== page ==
Back to the burgeoning life at the cottage this Easter holiday. Dr Quito led his coterie of Min Pins out to the warmest spot in the garden to bask in the sun. Old limbs eased by warmth and a good dose of vitamin D. Years ago I had a rough coated Griffon (Thisbe) who used to sunbathe on her back – by the end of the summer her small pink belly had turned a deep hazelnut brown.

In the chicken run our new girls have finally settled. They seem very content to scratch about, take dust baths and present us with eggs every day. They sunbathe too – on the roof of the Ken Doherty Day Centre – their bodies flop flat with their legs stretched out. They always look as if they are playing dead but, unlike kids, happy to be out of the game.

This Easter was good, in fact I can’t remember an Easter that wasn’t good. My mum was over from Cambridge and we had the Brothers Pug too. Danny roasted an excellent leg of New Zealand lamb and had picked up a chunky Gressingham duck on the Tesco CFC.

So we all ate well, had fun, enjoyed the sun, the birdsong and butterflies. The garden has shifted up to top gear with promise of summer – let’s hope that it’s a good one this year.

Happy Easter everyone! I do hope that you had a great time. Thank you for reading this blog – like the sunshine and overnight rain your visits are always very much appreciated.


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10 Comments

  1. skybluepinkish

    I love both holidays. Spiritually I prefer Easter and it is certainly less frenetic (particularly if like me your children are choristers)! From the point of view of the year I love the promise and potential of the bounty of the summer and autumn I think I make more new year resolutions at Easter than in January. I think that one of the “problems” with Christmas is that it is a very long holiday with nothing after it (such as the promise of summer)to lift senses dulled by 10 days that for so many people just don’t live up to their very high expectations.

  2. Heather

    I love Easter. I actually like it better than Christmas. Living in Sydney, the weather is sooo much better at Easter and we can have an enjoyable family holiday without all the fuss and running around that happens at Christmas. Making some hot cross buns and buying easter eggs is much easier!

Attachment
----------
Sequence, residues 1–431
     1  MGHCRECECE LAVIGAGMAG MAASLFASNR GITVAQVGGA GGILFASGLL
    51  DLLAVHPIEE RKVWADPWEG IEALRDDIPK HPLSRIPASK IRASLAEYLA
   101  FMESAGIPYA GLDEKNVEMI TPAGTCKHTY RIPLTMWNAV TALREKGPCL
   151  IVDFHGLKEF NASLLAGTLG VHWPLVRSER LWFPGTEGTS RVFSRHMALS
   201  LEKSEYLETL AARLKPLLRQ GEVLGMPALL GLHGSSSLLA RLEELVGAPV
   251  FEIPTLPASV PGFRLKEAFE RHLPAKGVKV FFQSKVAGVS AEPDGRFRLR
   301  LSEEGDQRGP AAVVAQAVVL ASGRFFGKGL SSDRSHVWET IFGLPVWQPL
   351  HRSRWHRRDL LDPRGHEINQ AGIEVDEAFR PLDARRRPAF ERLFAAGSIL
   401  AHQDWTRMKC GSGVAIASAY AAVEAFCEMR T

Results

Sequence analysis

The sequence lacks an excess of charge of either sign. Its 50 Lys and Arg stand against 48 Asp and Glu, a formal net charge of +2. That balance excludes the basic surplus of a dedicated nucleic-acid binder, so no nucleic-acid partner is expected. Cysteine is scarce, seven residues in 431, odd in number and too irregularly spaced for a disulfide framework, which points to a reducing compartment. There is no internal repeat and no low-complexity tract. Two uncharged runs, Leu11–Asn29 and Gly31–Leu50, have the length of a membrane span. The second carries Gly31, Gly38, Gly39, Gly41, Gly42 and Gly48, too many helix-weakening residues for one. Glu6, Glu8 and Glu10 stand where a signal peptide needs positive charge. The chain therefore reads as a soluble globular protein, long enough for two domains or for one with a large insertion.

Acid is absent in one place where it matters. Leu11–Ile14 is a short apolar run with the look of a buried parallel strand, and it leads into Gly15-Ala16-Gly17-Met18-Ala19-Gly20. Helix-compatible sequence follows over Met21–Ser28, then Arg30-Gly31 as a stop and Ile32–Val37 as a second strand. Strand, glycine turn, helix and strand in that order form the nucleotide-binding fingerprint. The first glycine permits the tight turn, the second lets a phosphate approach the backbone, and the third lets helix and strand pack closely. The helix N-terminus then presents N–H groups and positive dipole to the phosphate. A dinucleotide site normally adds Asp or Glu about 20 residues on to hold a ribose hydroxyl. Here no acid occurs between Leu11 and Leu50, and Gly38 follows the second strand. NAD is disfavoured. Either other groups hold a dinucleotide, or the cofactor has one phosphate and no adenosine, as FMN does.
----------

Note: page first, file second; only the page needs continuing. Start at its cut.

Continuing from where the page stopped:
3. ChickPea

    Oooooooooooohhhhh!!!!! Woooooooooooooooowwwwww!!!!!

    What a treat it is to call by and feel the new spring grass underfoot, bright sunshine and spring breezes that reach out from your glorious blog – you always make my day – Thank You! x

  4. Raenbow

    Happy Easter to you all.

    I agree with your comment about gardening being relaxing and giving pleasure. As someone who had never lifted a spade, since becoming interested in gardening and growing my own, the pleasure I feel when seeing my sugar peas peeping out in the greenhouse, the onions poking through the soil,or the first eggs from the chickens of the year , give greater pleasure than any expensive day at the spa(something I only dream about since simplifying my life)!!

  5. teawithhazel

    i loved your evocative and thought provoking comments..i love both traditions but agree that there is less pressure to perform at easter..my children and i and a couple of other family members had a casual afternoon tea of hot cross buns (my daughters and i made them) tea, coffee and french champagne! I agree with you that gardening (especially vegetable gardening) is a meditation..what joy to see a huge pile of garden and kitchen waste turn into compost..its feels alchemical..

  6. Juanita

    Happy Easter to you, my dear. Thank you for an especially lovely post.

  7. I much prefer Easter – there’s not the pressure or all the hard work of Christmas which we are driven to make perfect, running ourselves ragged in the process.

  8. What a lovely, thoughtful post – I really enjoyed reading it so thank you.

  9. Oh, yes, I can absolutely identify with this. As a Wiccan and a pagan, and seeing the divine in everything, Easter has all the promise of growing things, and chocolate too! Christmas (Yule) is for log fires and snuggling. There’s magic in everything you know.

  10. There always seems less potential for anti-climax with the Easter celebrations. The magazines and adverts are still full of perfect houses with perfectly decorated tables for Easter lunch, but there doesn’t seem quite the same pressure to do it all.

    I think the retailers are doing their best to change that…